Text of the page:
Fine colour implies a unified relationship, in which each part is subordinate to the whole, and the transitions between them are felt to be as precious and beautiful as the colours themselves. In fact, the colours themselves must be continuously modified and broken as part of the transition. Ruskin said in his Elements of Drawing, "Give me some mud off a city crossing, some ochre out of a gravel-pit, a little whitening, and some coal dust, and I will paint you a luminous picture, if you give me time to gradate my mud, and subdue my dust." In many works by the greatest colourists — Rembrandt and Watteau are examples — there are very few identifiable colours.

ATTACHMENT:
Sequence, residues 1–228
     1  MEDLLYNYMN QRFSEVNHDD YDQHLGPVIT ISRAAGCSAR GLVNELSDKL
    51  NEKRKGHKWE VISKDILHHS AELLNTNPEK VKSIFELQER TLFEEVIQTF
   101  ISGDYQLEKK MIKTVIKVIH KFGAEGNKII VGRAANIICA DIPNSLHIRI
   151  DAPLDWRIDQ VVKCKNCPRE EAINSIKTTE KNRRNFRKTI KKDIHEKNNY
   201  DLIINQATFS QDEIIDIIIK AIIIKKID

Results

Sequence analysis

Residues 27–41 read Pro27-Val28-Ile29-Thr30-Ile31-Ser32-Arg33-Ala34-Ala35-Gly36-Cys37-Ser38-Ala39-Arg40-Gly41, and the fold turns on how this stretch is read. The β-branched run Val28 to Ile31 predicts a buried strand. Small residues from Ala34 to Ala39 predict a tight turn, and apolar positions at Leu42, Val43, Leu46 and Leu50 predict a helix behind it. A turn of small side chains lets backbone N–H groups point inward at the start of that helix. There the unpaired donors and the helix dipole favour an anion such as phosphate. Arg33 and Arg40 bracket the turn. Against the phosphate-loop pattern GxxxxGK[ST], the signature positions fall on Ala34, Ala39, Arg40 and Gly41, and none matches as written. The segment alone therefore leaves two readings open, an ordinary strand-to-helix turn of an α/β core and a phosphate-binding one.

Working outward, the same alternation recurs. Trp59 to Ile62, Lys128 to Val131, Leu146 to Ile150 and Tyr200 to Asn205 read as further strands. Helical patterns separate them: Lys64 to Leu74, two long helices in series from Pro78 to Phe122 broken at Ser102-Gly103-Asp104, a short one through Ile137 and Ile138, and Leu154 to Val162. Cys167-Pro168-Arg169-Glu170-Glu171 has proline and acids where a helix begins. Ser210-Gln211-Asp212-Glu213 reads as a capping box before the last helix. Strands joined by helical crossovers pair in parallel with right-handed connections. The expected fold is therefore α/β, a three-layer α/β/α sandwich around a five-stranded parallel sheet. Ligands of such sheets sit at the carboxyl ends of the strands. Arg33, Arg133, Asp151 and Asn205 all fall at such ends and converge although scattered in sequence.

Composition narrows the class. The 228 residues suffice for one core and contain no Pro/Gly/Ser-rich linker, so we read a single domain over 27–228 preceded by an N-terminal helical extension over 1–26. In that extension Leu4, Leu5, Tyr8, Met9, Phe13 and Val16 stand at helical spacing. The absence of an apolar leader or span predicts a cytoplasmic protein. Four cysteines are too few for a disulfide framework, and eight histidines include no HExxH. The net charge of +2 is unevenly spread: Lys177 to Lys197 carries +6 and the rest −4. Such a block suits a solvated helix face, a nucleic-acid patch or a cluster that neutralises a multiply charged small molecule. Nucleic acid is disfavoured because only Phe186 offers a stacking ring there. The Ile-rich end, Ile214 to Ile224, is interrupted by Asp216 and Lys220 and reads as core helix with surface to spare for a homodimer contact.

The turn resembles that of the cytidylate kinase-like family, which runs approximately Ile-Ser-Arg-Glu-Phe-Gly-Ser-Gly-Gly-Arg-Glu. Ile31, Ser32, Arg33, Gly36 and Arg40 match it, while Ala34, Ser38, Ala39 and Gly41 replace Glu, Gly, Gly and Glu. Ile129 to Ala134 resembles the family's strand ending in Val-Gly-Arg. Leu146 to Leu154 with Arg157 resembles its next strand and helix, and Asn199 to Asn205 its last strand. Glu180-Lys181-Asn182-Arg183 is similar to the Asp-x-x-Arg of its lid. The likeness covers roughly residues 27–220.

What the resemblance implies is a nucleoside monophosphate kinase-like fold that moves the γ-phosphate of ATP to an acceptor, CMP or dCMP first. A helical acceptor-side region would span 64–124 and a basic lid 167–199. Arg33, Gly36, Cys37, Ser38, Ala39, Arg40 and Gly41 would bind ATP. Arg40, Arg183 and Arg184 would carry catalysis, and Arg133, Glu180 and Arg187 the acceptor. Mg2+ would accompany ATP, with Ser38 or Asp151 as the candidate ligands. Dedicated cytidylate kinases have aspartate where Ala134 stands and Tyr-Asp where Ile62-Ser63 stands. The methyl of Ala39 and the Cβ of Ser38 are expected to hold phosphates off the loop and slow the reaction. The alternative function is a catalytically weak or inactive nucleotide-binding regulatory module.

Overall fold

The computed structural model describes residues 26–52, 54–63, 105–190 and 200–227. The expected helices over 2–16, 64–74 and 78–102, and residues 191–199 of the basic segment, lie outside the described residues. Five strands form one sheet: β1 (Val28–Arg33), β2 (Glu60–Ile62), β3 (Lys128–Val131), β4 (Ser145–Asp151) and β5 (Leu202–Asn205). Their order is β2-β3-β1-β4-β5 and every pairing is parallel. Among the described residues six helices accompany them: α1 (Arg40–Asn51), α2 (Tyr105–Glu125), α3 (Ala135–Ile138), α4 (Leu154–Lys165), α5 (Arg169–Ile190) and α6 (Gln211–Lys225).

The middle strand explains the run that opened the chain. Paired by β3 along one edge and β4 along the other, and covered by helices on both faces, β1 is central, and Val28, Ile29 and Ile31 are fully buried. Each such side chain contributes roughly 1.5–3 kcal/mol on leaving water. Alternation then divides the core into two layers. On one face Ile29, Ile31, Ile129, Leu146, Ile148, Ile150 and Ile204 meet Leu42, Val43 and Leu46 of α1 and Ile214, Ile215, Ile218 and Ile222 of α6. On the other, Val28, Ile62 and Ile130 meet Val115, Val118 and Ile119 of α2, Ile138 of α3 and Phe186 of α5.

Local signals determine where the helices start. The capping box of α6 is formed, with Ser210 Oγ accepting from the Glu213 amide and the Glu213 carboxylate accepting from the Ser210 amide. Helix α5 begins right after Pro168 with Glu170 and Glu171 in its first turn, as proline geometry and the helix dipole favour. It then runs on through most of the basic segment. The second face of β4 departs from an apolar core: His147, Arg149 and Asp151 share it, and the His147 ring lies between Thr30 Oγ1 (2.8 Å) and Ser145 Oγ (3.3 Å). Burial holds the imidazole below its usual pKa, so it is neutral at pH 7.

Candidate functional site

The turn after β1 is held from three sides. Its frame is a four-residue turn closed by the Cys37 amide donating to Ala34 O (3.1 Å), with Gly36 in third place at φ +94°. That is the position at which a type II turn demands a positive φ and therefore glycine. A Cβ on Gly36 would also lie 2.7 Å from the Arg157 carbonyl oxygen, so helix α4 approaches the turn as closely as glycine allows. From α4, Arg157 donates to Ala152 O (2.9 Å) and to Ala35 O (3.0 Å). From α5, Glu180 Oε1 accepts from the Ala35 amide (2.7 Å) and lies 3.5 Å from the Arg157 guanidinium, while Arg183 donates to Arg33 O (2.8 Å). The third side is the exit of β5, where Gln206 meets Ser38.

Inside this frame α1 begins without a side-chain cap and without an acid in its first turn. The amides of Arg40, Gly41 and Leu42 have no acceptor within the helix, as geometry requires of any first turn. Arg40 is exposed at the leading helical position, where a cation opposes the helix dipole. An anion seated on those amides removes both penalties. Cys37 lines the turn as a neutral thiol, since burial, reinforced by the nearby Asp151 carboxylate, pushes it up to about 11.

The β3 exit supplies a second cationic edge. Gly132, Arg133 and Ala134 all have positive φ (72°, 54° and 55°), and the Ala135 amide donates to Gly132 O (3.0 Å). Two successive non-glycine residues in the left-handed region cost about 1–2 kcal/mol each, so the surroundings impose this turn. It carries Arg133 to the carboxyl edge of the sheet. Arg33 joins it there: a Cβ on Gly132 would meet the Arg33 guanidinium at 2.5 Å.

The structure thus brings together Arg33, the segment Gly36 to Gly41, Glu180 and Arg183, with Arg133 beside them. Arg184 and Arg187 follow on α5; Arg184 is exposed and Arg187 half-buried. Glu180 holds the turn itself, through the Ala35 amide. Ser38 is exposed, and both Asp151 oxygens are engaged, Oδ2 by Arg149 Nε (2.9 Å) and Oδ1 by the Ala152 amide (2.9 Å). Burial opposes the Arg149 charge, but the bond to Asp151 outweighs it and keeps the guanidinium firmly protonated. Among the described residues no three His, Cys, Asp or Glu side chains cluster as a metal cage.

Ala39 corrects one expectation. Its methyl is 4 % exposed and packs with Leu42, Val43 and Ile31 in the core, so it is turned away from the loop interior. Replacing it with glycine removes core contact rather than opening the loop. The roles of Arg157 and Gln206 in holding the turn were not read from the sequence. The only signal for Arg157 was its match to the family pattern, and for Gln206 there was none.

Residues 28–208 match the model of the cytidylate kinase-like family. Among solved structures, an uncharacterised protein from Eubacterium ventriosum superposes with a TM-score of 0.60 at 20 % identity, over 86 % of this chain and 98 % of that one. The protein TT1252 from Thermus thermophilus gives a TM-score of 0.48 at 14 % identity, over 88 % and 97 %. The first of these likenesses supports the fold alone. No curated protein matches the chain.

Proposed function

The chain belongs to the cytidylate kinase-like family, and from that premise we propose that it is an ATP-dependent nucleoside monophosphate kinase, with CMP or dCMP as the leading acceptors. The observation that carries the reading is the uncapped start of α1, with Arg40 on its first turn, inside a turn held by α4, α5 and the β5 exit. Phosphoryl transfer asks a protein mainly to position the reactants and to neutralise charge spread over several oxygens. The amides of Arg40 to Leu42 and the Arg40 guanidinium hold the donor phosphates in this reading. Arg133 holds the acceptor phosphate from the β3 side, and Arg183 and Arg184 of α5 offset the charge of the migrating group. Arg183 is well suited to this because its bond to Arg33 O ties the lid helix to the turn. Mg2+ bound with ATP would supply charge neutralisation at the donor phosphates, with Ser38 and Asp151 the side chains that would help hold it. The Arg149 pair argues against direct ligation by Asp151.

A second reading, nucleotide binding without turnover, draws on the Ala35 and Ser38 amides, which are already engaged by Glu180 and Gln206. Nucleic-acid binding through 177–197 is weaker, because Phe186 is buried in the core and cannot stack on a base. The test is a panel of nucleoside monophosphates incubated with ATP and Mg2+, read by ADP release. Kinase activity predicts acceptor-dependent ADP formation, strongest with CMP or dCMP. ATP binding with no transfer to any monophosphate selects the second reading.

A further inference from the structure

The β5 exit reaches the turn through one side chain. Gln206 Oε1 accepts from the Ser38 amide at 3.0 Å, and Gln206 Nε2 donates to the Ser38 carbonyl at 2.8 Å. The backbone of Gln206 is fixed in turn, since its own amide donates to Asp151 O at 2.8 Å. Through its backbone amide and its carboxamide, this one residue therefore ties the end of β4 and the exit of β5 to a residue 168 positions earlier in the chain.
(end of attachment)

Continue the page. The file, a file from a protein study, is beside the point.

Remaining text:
Writers and Writing